Some of you may know, the whole reason I went to Tanzania was for an Ecotourism class with my school, the University of Maine at Farmington. Eco-Tourism, also known as Responsible Tourism or Sustainable, is tourism that brings sustainability to the community. This can be done in a variety of ways, and many ecotourism companies hit most of these "qualifications": employing local people and paying them a fair wage, preserving land, taking care of the wildlife, and also giving back to the community.
During our trip, we met with multiple ecotourism groups. While all of them were fantastic to meet with, I had a hard time making the connection to disabilities in Tanzania. While we didn't meet with any groups that benefited people with disabilities directly (Shanga isn't an ecotourism group), there were still many groups that benefited the community as far as education and children goes.
On one of our first days, we visited a local coffee cooperative, through an ecotourism group called Honey Badger. While we didn't stay at Honey Badger, we did have an opportunity to visit, talk to one of the owners Joseph, and eat dinner there. While talking to Joseph, we learned that they greatly support the school that is next door to the lodge, due to Joseph's mother working there. One of the ways that they benefit the school is by selling souvenir items (jewelry, clothing, etc.) to the guests at the lodge, and giving all of the proceeds directly to the school. Needless to say, I bought a few items there!
Obviously, if you read my last post, Rhotia Valley Lodge and Children's Home is also a clear example of an ecotourism group that benefits children. Not only do they have teachers on site for the younger children, but they also send their older children to secondary school and pay for their fees. Also, if the student takes full advantage of what the home is offering and does well in school, they will also pay for them to attend university. Although Mary isn't yet receiving schooling, due to the lack of teachers with experience working with children with disabilities, they are looking into programs that might still benefit her.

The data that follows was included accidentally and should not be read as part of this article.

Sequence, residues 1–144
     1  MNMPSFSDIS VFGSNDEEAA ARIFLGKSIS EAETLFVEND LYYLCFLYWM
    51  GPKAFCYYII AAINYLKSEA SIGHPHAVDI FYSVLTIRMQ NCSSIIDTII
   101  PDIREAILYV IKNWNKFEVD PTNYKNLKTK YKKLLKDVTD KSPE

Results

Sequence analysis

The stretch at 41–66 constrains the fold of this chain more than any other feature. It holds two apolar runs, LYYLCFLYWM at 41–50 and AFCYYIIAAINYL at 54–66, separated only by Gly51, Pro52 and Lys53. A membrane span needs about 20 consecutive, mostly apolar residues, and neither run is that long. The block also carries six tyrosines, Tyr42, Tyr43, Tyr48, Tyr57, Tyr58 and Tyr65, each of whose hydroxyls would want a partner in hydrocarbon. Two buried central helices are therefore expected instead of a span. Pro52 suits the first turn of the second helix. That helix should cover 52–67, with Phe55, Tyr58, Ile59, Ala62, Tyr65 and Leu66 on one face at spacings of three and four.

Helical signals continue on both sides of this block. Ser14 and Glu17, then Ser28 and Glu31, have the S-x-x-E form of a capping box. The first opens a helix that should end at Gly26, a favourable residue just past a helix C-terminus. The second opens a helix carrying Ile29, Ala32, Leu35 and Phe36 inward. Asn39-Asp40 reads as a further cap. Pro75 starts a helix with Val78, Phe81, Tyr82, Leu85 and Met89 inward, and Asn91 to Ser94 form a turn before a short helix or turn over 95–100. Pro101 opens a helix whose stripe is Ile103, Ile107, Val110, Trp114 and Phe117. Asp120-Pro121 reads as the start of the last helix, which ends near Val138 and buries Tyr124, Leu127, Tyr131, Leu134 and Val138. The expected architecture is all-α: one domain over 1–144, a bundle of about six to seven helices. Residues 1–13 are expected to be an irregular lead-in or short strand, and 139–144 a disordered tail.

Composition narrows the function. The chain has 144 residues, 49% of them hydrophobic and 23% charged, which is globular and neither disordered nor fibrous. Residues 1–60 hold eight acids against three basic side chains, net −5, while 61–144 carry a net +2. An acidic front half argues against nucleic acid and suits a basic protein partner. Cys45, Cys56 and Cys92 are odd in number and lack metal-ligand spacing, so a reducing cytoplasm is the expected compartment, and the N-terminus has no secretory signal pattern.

According to, "Tanzania: Whose Eden is it?" by Martha Honey, tourism in Tanzania "has become the country's most important foreign exchange earner ... [and] is now viewed as one of Tanzania's best hope for development" (Honey 249). However, too many tourist industries are based in North American or European countries where very little benefit is actually given to the visited country. Through ecotourism, tourists are still able to get the great experience of visiting another country, while also being assured that the company they are going through is sustainable to the community.
Before going on this trip, I never gave much thought to the exploitation of workers or damage to the environment many companies allow. Now, I am sure to only go through ecotourism certified companies. I know that they will be taking care of their workers, while also taking care of the environment and the community. That, is something I think more people should care about, and I hope that I can take what I've learned and educate others.
Honey, Martha. 2008. “Tanzania: Whose Eden is it?” and Sustainable Development. Washington, D.C.: Island Press, 215-255.
Link to Honey Badger's Website: http://www.honeybadgerlodge.com/activities
Link to Rhotia Valley's Website: http://www.rhotiavalley.com/